Buckingham Palace Garden opens from 9 July. For more information on our COVID-19 secure guidelines see our FAQs.

Buckingham Palace operates a timed admission system, this is the time you select when purchasing your ticket.

The State Rooms are open on selected dates in July - September for guided tours with garden access.

Opening times

Buckingham Palace Garden opens from 9 July. For more information on our COVID-19 secure guidelines see our FAQs.

Opening time Last admission Closing time
July - September 10:00 16:15 18:00

We have a timed admission system, this is the time you select when purchasing your ticket. For the best experience please arrive no more than 10 minutes before the entry time on your ticket.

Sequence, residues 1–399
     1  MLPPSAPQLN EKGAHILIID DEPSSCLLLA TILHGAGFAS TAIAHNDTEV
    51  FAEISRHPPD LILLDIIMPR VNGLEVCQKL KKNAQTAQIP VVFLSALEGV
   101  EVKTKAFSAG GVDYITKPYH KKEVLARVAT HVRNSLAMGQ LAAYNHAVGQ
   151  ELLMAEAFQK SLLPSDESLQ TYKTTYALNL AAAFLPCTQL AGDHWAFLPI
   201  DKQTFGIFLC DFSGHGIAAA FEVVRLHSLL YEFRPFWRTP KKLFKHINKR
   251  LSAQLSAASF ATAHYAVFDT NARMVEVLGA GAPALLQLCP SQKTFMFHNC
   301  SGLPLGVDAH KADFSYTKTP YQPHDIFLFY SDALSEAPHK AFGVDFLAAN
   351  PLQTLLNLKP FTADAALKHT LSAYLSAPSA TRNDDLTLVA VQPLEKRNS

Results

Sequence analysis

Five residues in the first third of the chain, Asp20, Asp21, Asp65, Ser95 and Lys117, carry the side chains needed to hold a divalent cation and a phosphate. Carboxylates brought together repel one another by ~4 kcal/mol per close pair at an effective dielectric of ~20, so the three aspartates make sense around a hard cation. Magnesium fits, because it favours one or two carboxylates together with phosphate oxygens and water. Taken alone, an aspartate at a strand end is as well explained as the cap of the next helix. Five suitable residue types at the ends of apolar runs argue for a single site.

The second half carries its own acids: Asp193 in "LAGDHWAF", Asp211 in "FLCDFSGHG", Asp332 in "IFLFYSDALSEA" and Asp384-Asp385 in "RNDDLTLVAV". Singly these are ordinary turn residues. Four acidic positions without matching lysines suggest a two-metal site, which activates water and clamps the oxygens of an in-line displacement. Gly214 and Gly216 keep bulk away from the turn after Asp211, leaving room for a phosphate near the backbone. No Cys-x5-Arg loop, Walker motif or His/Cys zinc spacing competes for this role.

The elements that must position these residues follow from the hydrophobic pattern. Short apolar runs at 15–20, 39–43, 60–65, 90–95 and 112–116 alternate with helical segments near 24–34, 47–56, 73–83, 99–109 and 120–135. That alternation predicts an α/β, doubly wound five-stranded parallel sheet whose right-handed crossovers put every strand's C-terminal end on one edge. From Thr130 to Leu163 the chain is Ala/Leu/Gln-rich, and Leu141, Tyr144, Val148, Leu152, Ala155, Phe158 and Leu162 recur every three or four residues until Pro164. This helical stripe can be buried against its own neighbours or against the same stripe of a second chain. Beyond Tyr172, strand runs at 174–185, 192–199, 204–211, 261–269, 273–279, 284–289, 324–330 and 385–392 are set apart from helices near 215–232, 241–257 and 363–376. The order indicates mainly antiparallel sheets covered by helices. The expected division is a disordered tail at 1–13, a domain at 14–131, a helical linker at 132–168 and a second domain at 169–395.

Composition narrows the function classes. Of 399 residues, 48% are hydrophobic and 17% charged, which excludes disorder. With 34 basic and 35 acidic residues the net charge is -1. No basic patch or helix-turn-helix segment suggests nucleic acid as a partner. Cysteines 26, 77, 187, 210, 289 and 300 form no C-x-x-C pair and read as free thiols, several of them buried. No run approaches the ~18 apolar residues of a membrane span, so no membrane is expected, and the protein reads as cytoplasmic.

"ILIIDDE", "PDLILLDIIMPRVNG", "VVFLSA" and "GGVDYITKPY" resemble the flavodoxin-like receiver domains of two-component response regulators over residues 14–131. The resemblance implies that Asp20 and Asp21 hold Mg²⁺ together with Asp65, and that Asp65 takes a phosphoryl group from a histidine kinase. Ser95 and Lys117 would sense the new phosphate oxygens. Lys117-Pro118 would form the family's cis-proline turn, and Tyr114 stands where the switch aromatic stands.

The State Rooms are open on selected dates in July - September for guided tours with garden access.

Practical Information

Buckingham Palace Garden is open from 9 July.

For more information on our COVID-19 secure guidelines see our FAQs.

  • We suggest you allow 2-2½ hours for your visit.
  • Prebooking tickets is essential. There is a timed admission system operating on all tours. This is the time you select when purchasing your ticket.
  • If you already have your ticket, for the best experience please arrive at the entry time printed on your ticket and not earlier.
  • You are advised to wear comfortable shoes, as all events involve some walking.
  • When you arrive, you will pass through an airport-style security check. Read more about security & luggage